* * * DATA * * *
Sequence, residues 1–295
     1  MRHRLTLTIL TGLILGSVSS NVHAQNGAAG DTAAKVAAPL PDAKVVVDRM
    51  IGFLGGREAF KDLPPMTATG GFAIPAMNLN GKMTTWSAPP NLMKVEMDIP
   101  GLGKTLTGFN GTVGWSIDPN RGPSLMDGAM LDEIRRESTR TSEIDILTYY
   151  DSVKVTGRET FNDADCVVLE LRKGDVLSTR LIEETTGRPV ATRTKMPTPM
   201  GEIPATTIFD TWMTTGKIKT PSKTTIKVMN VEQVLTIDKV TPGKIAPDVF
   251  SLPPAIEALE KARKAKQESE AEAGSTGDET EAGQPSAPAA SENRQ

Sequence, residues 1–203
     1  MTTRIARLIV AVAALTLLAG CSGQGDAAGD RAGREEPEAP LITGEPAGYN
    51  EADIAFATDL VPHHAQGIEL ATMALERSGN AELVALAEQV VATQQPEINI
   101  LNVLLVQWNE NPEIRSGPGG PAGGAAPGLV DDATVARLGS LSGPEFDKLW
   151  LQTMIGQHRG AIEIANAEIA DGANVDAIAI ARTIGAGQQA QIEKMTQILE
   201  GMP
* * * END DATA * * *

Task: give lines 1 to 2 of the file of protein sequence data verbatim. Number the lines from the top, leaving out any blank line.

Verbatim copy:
Sequence, residues 1–295
     1  MRHRLTLTIL TGLILGSVSS NVHAQNGAAG DTAAKVAAPL PDAKVVVDRM